Phobia refers to an intense fear of objects or situations. Sometimes, the fear is because of the reality of the triggers’ danger, or it may be just an exaggeration of the danger of the object or situation.
In phobia, the victim is afraid of encountering some people or situations, and they do their best to avoid them. And if they encounter them, they become extremely anxious. Some examples of phobia triggers are heights, blood, flying, or animals.
Separation Anxiety Disorder
Though this disorder is common among children, adults also experience it. Separation anxiety disorder is the fear of being separated from someone you love or are attached to.
You are afraid that something bad happens to the person if you’re separated and always try to be with them. Additionally, the affected people may have a nightmare of bad things happening to their attachment figures and usually fear separation.
Social Anxiety Disorder or Social Phobia
Social phobia is overwhelming anxiety and extreme self-consciousness in social places. It can be as simple as fearing to speak or in social places or fearing some people. Other times, it can be extreme such that you experience anxiety when you are around people.
This is characterized by the feeling of sudden and intense fears that makes you panic. In this attack, the victim experiences chest pains, sweating, and even faster and pounding heartbeats. Other times, they might feel like they’re having a heart attack or they are being choked.
An object can trigger the attacks, situation, or they can occur randomly. People with panic disorders are worried about the next attack’s time, and they usually try to avoid the triggers associated with the attacks. The condition can cause many problems in your personal and work life.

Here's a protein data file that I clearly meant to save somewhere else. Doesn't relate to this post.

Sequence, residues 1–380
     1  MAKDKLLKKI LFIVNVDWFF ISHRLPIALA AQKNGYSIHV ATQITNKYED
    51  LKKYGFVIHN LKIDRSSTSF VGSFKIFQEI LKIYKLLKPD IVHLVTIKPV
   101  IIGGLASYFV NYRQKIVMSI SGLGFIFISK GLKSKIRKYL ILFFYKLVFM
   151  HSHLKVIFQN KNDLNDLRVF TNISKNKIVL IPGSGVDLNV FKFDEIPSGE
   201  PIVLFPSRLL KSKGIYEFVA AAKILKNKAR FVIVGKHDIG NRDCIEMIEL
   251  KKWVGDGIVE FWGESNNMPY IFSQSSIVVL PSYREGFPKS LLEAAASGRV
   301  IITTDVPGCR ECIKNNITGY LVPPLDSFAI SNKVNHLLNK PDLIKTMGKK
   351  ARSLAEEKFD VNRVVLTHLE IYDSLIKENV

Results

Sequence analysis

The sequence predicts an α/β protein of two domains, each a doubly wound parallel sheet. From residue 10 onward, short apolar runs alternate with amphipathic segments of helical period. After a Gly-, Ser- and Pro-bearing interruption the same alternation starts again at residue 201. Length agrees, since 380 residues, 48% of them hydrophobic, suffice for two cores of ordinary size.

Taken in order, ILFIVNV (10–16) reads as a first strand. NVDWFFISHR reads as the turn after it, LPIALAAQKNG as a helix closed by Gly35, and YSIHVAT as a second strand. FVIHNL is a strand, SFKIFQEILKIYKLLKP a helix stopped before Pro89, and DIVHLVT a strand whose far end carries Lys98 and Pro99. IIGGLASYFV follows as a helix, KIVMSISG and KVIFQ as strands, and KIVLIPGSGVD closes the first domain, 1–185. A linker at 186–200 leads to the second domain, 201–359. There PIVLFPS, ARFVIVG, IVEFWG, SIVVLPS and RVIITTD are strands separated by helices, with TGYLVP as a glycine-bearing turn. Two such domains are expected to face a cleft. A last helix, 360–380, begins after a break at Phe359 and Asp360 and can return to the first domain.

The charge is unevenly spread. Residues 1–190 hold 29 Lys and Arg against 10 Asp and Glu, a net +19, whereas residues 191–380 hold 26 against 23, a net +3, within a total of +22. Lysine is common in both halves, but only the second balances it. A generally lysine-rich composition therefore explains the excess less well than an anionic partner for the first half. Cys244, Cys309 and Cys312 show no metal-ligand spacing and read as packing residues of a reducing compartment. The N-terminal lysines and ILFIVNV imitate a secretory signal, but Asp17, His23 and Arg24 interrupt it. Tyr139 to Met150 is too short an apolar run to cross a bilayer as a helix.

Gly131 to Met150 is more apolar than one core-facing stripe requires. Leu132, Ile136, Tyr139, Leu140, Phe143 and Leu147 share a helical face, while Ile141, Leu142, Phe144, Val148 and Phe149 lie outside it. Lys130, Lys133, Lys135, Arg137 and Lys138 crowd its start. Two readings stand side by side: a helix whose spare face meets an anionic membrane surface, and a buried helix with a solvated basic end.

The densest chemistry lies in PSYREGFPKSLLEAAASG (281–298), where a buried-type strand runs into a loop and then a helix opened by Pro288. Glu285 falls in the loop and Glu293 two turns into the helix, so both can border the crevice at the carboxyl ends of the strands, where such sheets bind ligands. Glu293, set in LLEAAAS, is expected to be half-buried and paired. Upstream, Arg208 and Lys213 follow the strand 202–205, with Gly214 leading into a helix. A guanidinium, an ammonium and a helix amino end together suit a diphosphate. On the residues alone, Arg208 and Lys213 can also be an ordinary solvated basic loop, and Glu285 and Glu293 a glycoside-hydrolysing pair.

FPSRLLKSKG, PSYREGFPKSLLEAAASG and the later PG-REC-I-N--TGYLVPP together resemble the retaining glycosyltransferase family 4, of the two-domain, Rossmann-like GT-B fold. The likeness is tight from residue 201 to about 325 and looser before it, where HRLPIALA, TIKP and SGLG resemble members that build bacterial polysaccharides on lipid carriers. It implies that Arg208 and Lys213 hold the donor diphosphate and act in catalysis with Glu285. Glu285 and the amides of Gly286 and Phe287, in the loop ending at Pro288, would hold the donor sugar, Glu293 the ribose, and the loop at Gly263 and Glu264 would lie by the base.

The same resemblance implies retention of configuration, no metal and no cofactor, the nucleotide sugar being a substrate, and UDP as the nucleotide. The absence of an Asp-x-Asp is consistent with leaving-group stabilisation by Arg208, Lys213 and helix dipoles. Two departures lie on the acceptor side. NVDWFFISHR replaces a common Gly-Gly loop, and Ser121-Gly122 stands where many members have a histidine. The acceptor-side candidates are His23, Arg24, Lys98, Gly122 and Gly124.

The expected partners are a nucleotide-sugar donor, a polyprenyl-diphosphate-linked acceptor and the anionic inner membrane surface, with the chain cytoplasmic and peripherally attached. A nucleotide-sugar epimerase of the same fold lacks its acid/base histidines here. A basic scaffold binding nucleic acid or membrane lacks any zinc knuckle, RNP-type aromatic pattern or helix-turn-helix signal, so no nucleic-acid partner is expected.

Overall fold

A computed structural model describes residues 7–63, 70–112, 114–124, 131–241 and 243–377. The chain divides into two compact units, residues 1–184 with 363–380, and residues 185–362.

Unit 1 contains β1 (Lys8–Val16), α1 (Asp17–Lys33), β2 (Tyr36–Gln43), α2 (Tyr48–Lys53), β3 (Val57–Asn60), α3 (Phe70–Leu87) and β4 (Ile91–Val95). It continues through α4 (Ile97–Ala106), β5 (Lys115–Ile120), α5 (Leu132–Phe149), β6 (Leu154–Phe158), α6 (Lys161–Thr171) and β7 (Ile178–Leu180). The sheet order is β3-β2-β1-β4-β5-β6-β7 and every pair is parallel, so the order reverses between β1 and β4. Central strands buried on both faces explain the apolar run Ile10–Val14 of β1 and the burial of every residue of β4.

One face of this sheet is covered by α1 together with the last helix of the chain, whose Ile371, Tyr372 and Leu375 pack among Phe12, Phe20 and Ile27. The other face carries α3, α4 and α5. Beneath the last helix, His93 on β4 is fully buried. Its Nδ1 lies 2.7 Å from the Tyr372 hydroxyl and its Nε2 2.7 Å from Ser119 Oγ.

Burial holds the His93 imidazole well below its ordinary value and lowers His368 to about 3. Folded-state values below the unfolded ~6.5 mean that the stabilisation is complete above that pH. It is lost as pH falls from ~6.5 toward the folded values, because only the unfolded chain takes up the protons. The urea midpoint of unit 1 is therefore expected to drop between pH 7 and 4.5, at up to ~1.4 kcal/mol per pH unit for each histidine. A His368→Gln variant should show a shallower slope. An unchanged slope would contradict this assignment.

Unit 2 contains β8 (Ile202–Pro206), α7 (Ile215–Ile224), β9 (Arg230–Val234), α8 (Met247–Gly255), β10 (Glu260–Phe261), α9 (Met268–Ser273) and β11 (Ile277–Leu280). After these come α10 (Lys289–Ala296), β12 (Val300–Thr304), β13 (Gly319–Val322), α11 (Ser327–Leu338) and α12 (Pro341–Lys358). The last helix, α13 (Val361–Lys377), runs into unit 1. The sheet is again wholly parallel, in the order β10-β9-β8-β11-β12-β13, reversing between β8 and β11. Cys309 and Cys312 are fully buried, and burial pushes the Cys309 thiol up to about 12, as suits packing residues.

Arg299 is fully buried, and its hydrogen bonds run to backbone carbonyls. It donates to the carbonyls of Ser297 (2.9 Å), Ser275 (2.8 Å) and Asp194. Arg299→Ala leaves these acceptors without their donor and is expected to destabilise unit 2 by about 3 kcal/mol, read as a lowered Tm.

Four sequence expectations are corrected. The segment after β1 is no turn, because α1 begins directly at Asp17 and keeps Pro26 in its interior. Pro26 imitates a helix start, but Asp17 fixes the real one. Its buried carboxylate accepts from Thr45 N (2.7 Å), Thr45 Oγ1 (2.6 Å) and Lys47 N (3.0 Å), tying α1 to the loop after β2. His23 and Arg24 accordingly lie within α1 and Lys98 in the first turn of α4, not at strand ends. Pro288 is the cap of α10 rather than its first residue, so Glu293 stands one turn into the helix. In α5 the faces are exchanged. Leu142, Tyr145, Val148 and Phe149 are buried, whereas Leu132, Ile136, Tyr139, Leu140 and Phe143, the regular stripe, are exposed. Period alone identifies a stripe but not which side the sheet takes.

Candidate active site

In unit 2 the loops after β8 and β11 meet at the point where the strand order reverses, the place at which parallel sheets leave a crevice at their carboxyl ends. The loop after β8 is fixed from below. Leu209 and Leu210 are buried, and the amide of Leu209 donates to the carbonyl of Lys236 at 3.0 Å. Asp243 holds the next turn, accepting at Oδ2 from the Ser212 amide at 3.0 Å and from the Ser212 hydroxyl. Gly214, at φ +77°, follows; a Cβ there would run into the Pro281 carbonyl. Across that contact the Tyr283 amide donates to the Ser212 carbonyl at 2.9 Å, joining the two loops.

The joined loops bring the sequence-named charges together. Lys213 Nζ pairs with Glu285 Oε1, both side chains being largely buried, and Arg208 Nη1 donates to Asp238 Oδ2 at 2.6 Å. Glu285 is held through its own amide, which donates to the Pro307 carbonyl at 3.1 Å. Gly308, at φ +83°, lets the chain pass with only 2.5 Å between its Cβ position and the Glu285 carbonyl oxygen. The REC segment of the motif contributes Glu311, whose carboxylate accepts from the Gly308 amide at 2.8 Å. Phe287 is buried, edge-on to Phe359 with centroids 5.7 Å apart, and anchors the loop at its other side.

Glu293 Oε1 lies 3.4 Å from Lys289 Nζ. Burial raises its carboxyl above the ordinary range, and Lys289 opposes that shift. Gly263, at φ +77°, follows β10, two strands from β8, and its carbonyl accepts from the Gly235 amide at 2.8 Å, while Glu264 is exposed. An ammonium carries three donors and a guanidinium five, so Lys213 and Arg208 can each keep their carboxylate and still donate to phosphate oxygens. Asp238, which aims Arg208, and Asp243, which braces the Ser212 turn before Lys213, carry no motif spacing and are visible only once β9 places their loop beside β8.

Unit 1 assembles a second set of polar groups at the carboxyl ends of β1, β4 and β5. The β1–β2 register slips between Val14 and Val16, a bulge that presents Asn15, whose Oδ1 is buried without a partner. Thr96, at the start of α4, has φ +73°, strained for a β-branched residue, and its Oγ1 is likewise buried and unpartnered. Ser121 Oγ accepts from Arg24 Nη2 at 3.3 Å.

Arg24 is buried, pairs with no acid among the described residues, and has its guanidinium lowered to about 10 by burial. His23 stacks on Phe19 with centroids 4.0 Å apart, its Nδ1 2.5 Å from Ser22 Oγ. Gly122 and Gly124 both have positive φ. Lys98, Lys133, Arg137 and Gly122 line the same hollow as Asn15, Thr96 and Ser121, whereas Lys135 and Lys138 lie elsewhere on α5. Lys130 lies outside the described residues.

From its name, obsessive anxiety disorder occurs when there is an obsession, compulsion, or both. Obsession is something you think about or usually do, and you can’t control it. It’s difficult to ignore, and it could leave you anxious and distressed.
Compulsion is the activities you do or think to deal with anxiety. If you fail to do the things, you are worried about the unknown, which makes it hard to stop. Your GP can offer you treatment for or suggest other alternatives.
Post-Traumatic Stress Disorder
Post-traumatic disorder usually results after making it through a distressing or stressful event. It is common among soldiers and doctors and results from prolonged trauma.
Risk Factors of Anxiety Disorders
- Exposure to negative and stressful events in early childhood
- History of anxiety disorders in family
- Use of caffeine and drugs such as alcohol
- Different circumstances
Treatment and Therapies for Anxiety
There are many ways of treating anxiety disorder, including the use of medications, psychotherapy, and both. Additionally, the doctor will recommend the best treatment for a person.
Dealing with Anxiety – Bottom-line
Anxiety disorders are common, and they affect the way you think and behave. Though it’s normal to experience anxiety, having severe fears of objects or situations can signify a larger issue. You’ll therefore need to visit your doctor.